Online misogyny reflects women's realities, though in a cruder way than is customary offline.

The XX Factor
What Women Really Think
June 13 2012 2:35 PM

Online Misogyny: Can't Ignore It, Can't Not Ignore It

Lady on computer.
The Internet is fertile ground for expressions of hate toward women

Photo by Adam Berry/Getty Images.

Jessica Coen, the editor at Jezebel, has a soul-searching piece up today about the way that online misogyny grinds at you until you simply stop feeling it anymore, which is your brain's strategy for protecting you, but has the drawback of making you forget how serious a problem this is. The impetus was her realization that she read this story about the harassment of Anita Sarkeesian and felt so inured to it all that she didn't even seriously consider assigning the story. Her post leaves us with more questions than answers about how to deal with online misogyny, especially with regards to striking the balance between not letting the haters get to you and remembering that this stuff actually matters. As someone who's had dozens and often hundreds of men trying to tell me every day for the past six years that I'm stupid and worthless, I can certainly say I have yet to really find that balance. It's tough; even writing that last sentence makes certain that I'll be accused repeatedly of being a crybaby and an attention whore, which I will proceed to ignore for mental health purposes, but which will be seen by other women and will leave them afraid of what happens if they think they deserve a chance to put their thoughts out there for others to see.

Sarkeesian's story is a doozy, by the way. She started a Kickstarter page to raise money to make a documentary about the tropes used by video game designers to portray female characters. She hadn't expressed an opinion about video games yet, but simply by stating that she would at some point in the future do so, she had to endure an absolute avalanche of misogynist abuse from men who hoped they could silence her before her too-scary-to-be-heard opinion could be voiced. Every access point they could exploit was used to try to get to her, especially her YouTube page. Her Wikipedia page was repeatedly vandalized with lies, links out to porn sites, and pornographic pictures.* Eventually, Wikipedia shut it down. Unfortunately for the misogynists, this sort of thing generated a lot of sympathy for Sarkeesian, and she was able to fundraise well beyond her original goals. Like, more than $90,000 beyond what she originally wanted to raise.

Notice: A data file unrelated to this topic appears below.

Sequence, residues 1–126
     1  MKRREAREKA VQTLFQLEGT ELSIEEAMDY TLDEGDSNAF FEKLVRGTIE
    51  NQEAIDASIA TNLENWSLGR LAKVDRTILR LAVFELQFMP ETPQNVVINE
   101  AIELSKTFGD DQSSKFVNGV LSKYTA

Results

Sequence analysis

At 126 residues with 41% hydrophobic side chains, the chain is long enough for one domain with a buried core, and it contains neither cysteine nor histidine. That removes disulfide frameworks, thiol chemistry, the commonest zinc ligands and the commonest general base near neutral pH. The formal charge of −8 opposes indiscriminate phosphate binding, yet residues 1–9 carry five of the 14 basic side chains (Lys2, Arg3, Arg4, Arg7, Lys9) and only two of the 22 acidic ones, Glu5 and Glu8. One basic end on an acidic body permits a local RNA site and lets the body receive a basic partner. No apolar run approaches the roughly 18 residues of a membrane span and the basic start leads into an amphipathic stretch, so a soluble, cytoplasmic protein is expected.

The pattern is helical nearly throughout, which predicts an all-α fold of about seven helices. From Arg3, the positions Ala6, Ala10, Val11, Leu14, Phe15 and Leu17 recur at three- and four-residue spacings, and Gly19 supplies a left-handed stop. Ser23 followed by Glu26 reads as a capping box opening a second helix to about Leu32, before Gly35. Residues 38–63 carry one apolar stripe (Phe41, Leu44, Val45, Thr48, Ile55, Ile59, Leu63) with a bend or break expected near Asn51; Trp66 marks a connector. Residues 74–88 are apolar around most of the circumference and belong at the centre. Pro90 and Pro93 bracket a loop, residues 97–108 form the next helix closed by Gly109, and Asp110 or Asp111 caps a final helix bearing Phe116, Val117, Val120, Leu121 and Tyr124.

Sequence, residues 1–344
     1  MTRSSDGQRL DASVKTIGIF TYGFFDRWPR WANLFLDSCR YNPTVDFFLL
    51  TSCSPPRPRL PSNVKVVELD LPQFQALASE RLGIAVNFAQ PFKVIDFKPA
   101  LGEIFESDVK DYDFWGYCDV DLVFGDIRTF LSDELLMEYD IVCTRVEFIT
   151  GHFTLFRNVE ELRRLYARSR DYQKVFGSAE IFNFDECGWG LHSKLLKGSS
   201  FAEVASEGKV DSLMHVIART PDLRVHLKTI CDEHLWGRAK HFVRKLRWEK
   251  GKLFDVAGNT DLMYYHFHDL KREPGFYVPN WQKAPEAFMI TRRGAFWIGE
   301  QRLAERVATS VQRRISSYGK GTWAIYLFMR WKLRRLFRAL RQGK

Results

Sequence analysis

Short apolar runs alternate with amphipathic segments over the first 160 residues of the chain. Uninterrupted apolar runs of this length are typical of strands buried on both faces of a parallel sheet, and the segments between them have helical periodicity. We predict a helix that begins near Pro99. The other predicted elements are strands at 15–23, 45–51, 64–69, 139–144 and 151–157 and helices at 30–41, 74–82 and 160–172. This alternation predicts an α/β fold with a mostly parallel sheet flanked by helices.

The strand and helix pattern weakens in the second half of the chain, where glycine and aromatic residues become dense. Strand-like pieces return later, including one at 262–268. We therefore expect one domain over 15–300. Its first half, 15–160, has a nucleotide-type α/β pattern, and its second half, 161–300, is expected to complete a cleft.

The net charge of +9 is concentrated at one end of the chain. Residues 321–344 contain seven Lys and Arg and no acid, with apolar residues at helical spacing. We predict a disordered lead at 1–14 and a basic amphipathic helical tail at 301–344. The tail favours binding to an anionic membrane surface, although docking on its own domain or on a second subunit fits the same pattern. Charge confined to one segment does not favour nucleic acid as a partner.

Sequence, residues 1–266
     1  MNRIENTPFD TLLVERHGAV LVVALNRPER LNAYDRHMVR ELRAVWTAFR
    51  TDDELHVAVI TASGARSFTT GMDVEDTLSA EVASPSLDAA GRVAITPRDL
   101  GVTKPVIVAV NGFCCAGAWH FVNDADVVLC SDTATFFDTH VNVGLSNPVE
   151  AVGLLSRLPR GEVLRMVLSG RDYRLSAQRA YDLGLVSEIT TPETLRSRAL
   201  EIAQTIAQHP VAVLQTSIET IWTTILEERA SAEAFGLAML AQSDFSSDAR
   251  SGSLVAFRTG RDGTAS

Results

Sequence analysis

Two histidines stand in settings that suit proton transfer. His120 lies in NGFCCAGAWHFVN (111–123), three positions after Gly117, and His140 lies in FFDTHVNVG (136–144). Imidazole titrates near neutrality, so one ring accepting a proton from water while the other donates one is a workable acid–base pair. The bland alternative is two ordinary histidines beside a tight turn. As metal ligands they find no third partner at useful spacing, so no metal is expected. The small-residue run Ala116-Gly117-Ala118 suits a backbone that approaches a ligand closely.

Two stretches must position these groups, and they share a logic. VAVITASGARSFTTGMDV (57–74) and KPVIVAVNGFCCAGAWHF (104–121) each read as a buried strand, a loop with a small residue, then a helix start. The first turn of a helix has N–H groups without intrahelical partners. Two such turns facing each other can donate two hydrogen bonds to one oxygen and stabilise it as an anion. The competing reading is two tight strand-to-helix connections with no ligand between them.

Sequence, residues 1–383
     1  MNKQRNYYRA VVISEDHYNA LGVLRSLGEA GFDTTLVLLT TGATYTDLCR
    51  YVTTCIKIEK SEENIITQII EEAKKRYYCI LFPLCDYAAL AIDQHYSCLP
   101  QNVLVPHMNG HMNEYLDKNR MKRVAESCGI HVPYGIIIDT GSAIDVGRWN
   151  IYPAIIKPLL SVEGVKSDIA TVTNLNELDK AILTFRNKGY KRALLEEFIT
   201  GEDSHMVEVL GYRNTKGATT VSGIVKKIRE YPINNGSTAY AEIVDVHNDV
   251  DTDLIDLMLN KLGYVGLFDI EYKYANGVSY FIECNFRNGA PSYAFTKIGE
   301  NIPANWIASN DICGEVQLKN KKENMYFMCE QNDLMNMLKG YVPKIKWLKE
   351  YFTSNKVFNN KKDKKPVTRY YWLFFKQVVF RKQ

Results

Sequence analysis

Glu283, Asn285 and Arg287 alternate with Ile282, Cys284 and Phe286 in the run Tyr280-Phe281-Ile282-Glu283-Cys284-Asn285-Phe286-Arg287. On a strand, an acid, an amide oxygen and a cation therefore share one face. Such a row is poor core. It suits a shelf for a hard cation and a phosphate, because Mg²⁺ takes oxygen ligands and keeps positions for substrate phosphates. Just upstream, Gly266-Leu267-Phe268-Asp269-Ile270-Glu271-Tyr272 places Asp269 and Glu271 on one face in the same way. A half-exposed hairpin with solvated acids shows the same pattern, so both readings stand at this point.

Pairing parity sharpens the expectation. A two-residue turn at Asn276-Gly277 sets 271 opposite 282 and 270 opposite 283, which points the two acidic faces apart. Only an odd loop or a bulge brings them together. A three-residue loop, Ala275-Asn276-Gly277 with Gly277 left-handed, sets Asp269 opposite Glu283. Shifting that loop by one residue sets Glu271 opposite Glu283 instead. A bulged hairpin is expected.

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So that story has a happy ending, but the ugliness that preceded it once again puts women trying to grapple with this problem in a weird position. Drawing attention to this problem is hard to do, since most men and those women who haven't faced it tend to dismiss it as a matter of a few weirdoes on the Internet. But trying to reduce misogyny to an arcane hobby like stamp collecting misses the point. The reason these attacks hurt is because they reflect a reality women have to deal with that can't be dismissed so easily. We live in a country where many people are eagerly pushing for restrictions on women's rights, where rape victims meet a sea of hostility from their community and law enforcement, and where huge percentages of women have been directly raped or beaten by men. We also live in a society where women's voices are routinely discounted and marginalized, resulting in a situation where men dominate the legislatures, the media, and the courts. The men screeching at you online to shut up—or condescending to you about how cute it is that you think you have an opinion—aren't outliers. They reflect reality. They just do so in a way that's more direct, because the social structures that allow sexism in real life to be more subtle haven't really taken hold on the internet. The fact of the matter is these kinds of pressuring tactics do work to silence women's voices, and that alone is reason enough to take them seriously.

But how to do so without causing permanent shifts to your blood pressure? If anyone can figure out the strategy there, I'd love to hear it.

*Some day someone is going to have to deal honestly with the fact that misogynists clearly seem to think porn is hate speech, the equivalent of using a racial slur at a person of color.

Amanda Marcotte is a Brooklyn-based writer and DoubleX contributor. She also writes regularly for the Daily Beast, AlterNet, and USA Today